>Seafood on the Shinkansen
Since the number of passengers on the Shinkansen has dropped significantly due to the new coronavirus, JR East has begun an experiment to transport fresh seafood from Miyagi prefecture to Tokyo for the first time using the seats on the Shinkansen.
On August 26, squirts and oysters from Miyagi prefecture, which were landed on the morning of the same day, were transported to the Tohoku Shinkansen departing Sendai Station before 11:00 am.
The Shinkansen arrived at Tokyo Station in about two hours, and was served as sashimi and vinegared food at the seafood restaurant on the premises after 2:00 pm.
According to the fishermen who participated in the initiative, when it comes to transportation by truck, it often arrives in Tokyo the next day, but if you use the Shinkansen, you can shorten the time until it is provided at restaurants by a whole day.
Due to the impact of the new coronavirus, the number of passengers on the Tohoku Shinkansen is only 30% of the same period last year as of last week.
For this reason, JR East is extensively considering measures to compensate for the decline in revenues from the railway business.
>Musk the third-richest person
Elon Musk passed Facebook co-founder Mark Zuckerberg Monday to become the third-richest person in the world, closely following Microsoft founder Bill Gates and Amazon CEO Jeff Bezos.
According to the Bloomberg Billionaires Index, the Tesla CEO now has a total fortune of $115.4 billion compared with $110.8 billion for Zuckerberg.
Musk, 49, has seen a meteoric rise in his wealth, with his net worth growing by $87.8 billion this year as Tesla shares surged almost 500%.
Also helpful: an audacious pay package - the largest corporate pay deal ever struck between a chief executive officer and a board of directors - that could yield him more than $50 billion if all goals are met.
>Chinese take home leftovers
A recent survey has shown that 91.2% of the Chinese respondents tend to take home their leftovers when dining out.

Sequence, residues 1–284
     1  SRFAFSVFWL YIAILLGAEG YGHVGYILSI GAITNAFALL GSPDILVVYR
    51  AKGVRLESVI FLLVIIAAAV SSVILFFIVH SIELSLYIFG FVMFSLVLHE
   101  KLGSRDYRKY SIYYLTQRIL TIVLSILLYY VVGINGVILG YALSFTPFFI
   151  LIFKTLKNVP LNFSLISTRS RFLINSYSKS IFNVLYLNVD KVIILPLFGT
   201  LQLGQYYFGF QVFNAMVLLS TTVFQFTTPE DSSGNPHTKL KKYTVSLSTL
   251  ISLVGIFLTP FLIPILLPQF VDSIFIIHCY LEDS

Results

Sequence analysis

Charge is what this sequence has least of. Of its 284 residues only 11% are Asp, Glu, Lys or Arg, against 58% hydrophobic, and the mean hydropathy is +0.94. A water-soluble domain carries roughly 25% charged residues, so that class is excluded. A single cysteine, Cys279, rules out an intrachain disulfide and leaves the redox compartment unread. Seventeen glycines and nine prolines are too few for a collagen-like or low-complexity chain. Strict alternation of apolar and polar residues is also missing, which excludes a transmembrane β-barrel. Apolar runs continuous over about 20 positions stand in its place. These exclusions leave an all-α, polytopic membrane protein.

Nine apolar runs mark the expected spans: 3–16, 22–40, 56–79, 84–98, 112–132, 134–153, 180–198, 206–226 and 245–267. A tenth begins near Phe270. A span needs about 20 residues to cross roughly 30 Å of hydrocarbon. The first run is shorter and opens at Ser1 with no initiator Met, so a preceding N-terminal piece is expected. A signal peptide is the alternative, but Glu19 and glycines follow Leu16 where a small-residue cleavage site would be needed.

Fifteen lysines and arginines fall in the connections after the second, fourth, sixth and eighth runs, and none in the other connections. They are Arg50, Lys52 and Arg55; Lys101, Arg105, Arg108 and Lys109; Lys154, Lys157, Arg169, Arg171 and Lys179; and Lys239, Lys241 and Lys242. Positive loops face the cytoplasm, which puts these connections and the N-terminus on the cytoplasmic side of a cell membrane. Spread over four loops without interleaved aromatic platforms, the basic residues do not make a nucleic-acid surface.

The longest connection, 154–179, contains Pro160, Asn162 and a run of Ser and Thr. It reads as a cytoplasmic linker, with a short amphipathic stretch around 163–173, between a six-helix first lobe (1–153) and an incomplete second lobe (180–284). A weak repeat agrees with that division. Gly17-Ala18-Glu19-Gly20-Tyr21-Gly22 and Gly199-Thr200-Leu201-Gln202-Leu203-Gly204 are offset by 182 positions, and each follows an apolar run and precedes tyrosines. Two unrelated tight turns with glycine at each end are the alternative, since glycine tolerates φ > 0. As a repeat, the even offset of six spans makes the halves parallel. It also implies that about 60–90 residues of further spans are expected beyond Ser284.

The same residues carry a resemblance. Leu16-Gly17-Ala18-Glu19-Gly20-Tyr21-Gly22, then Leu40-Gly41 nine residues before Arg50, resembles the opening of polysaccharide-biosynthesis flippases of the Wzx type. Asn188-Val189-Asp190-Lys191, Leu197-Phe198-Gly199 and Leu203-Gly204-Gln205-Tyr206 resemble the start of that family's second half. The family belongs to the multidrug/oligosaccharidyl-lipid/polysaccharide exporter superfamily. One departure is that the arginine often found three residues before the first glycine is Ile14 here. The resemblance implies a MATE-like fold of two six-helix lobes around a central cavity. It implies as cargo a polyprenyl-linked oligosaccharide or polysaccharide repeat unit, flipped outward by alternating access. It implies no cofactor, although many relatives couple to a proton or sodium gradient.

Around 92% of the respondents believed saving food is a virtue that would never become anachronic, and 85.7% said saving food squares with the contemporary concept that values the quality of life, according to the survey conducted by China Youth Daily.
Respondents also gave their opinions on how to help reduce food waste.
Around 61.8% advised restaurants and eateries to offer serving chopsticks, which would be instrumental for customers to pack the leftovers.
A similar proportion of respondents said it might be useful to promote smaller-portion or half-portion dishes.
About 59% advised catering businesses to introduce coupons or other incentives for customers who clear their plates after dinner.
A total of 2,009 persons participated in the survey.
>Pandemic response survey
Americans rank dead last - by a long way - among citizens of more than a dozen countries who were asked whether their nation is more united now than it was before the coronavirus pandemic, according to a survey.
And they come in a statistical joint last place with the British on whether their country has handled the pandemic well, the poll finds.
In the US, fewer than two in 10 people (18%) said the country is more united now.
That's a full 21 percentage points below the next lowest-ranking countries, Germany and France, where just under four in 10 (39%) respondents expressed that opinion.
Denmark had the highest percentage saying their country was more united now, with more than seven in 10 (72%) giving that answer.
The findings come from a Pew Research Center survey of 14 advanced economies in North America, Europe and Asia. The Washington, DC-based think tank interviewed 14,276 adults by telephone from June 10 to August 3.
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